Introduction to a number of philosophers and literary figures gathered together under the name "existentialism". Authors include Dostoevsky, Kierkegaard, Nietzsche, Rilke, Kafka, Ortega y Gasset, Jaspers, Heidegger, Sartre, and Camus. Topics include consciousness, (in)authenticity, alientation, death, anxiety, freedom, time, nihilism, historical meaning, and religion.
PHL 316U – Social & Political Philosophy
Survey of main theories of social and political justice (utilitarianism, liberal, equalitarian, communitarian, and libertarian) through classic and modern representatives.
PHL 317U - Philosophy of Art
Philosophical issues concerning the creation, interpretation, and consumption of art. Includes an overview of the major philosophical theories about the nature of art, an examination of the relationship between art and ethics, art and psychology, art and pornography, and relativism of aesthetic value judgments.
PHL 319U - Intro to Asian Philosophy
A study of different systems of Asian philosophy through the main classical texts drawn from Hinduism, Buddhism, Taoism, and Confucianism. Topics include: the nature of reality, the self, causality, language, knowledge, and ethics.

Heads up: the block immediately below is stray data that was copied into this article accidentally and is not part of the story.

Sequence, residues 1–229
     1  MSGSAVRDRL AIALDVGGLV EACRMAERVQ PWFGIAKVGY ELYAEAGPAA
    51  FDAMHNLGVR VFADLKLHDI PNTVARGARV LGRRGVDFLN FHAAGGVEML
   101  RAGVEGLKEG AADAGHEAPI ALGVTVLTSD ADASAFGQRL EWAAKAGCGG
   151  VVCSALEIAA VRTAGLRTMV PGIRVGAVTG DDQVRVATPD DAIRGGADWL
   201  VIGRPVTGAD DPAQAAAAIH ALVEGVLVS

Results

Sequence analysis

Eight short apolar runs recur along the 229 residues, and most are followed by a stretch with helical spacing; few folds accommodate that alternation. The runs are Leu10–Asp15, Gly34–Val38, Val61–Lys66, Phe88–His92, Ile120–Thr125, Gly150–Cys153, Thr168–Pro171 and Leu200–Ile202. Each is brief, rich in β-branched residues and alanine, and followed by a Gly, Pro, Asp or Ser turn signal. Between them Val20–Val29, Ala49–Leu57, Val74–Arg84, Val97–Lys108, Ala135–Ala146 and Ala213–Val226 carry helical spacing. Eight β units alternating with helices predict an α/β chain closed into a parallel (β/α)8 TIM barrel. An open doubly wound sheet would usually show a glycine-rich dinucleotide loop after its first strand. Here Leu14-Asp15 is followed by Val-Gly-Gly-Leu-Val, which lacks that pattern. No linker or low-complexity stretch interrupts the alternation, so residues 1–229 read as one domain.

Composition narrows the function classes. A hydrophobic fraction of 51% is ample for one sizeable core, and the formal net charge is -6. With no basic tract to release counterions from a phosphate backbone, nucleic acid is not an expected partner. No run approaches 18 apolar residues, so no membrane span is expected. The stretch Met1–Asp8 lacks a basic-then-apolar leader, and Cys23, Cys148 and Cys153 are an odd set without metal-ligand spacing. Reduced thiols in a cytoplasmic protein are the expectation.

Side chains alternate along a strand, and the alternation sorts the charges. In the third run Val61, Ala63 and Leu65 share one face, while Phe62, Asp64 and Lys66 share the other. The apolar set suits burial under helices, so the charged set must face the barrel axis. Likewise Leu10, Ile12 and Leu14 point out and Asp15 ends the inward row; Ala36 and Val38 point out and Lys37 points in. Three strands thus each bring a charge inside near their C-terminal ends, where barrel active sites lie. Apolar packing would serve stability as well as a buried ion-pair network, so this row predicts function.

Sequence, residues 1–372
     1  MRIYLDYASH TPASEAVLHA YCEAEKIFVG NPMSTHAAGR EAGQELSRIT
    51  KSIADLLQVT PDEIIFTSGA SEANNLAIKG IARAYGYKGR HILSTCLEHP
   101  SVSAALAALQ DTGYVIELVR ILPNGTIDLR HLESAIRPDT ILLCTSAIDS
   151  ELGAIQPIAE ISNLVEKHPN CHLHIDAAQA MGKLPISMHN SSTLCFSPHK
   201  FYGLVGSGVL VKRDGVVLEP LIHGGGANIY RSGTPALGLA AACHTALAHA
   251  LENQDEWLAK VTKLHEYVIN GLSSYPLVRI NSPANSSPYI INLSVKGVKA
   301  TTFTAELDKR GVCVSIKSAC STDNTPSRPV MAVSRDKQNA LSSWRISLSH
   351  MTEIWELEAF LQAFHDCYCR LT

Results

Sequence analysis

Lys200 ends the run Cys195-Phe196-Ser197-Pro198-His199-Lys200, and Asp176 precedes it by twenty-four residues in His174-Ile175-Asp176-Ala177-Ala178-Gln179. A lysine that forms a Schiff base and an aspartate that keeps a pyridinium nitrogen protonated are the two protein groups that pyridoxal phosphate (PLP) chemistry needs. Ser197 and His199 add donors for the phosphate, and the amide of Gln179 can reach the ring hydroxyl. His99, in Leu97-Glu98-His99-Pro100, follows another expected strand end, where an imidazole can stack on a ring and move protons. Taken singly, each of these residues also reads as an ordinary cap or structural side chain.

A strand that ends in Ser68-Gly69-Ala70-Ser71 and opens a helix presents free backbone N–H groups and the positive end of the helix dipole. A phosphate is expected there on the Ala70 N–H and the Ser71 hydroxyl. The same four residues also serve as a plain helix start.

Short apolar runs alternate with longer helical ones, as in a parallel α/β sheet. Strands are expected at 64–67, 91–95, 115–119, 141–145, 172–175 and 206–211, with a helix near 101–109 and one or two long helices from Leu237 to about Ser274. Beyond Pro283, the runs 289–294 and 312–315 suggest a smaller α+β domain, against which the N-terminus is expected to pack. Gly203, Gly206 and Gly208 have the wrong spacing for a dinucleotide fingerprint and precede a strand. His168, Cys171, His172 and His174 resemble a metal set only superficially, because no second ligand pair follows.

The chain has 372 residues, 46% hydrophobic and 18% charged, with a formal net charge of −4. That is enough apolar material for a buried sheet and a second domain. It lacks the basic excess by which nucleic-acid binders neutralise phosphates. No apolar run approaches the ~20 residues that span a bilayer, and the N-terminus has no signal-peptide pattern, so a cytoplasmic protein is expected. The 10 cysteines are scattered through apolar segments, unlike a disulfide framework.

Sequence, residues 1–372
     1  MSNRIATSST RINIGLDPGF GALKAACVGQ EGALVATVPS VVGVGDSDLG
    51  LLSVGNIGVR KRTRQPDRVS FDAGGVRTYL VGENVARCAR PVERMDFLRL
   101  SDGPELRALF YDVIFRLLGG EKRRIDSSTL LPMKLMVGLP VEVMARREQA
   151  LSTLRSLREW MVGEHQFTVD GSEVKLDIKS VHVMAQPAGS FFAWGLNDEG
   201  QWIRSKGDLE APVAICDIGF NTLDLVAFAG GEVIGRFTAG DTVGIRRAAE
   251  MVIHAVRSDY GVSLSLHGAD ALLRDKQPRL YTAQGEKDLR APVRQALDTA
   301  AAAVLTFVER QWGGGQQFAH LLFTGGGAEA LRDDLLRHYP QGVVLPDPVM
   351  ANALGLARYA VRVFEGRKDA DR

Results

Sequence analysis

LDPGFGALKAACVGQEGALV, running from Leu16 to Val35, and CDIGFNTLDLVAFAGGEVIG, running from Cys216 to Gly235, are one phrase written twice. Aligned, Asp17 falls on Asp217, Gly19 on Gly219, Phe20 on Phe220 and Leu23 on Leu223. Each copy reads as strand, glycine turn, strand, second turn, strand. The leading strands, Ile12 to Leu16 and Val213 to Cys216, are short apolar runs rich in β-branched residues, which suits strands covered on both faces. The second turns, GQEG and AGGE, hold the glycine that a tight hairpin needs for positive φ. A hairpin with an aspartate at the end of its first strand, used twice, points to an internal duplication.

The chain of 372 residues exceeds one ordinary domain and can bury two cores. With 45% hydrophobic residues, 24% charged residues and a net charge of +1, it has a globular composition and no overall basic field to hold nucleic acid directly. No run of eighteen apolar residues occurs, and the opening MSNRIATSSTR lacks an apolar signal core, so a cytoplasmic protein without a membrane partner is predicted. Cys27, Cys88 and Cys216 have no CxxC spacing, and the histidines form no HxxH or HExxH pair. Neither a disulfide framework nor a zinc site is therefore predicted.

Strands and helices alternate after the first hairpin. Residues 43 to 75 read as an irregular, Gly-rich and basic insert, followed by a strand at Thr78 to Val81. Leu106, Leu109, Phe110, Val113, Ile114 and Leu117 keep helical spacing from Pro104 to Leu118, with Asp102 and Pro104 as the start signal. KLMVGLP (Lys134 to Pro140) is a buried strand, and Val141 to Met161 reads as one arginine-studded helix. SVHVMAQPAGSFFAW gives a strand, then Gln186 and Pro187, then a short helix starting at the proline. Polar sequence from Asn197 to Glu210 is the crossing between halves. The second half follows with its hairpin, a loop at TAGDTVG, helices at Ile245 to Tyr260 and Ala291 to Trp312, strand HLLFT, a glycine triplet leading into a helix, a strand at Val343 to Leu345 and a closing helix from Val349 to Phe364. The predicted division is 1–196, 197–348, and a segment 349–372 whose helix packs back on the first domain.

PHL 320U – Critical Thinking
Boghossian Remote, Patrick Online
Designed to improve reasoning and skills of critical assessment of information. Focuses on practical methods that are applied to case studies from public media such as editorials, essays, propaganda, advertisements, and newspaper reports of scientific studies.
PHL 324U – Intro to Formal Logic I
A course in basic formal logic. Major topics include the method of deduction for showing propositional arguments valid and the method of counter-example for showing such arguments invalid. Truth table methods, tests for consistency, and syllogistic arguments are optional topics.
PHL 331U - Philosophy of Education
Exploration of the nature, aims, and value of education by situating it in its historical and contemporary philosophical context and perspectives.
PHL 350U - Morality and World Politics
Examination of moral principles and judgments relevant for appraising the key tools of foreign policy. Included are issues or military, humanitarian, and covert intervention, economic sanctions, development assistance, human rights, democracy, and transitional justice.
PHL 355U - Morality and Healthcare
Examination of issues in health care such as euthanasia, abortion, allocation of transplantable organs, rationing health care, treatment of impaired newborns.
PHL 365U - Atheism
Examination of atheist philosophy including secularism in ethics and politics, naturalism in epistemology and metaphysics, and contemporary naturalistic accounts of religion and faith-based beliefs.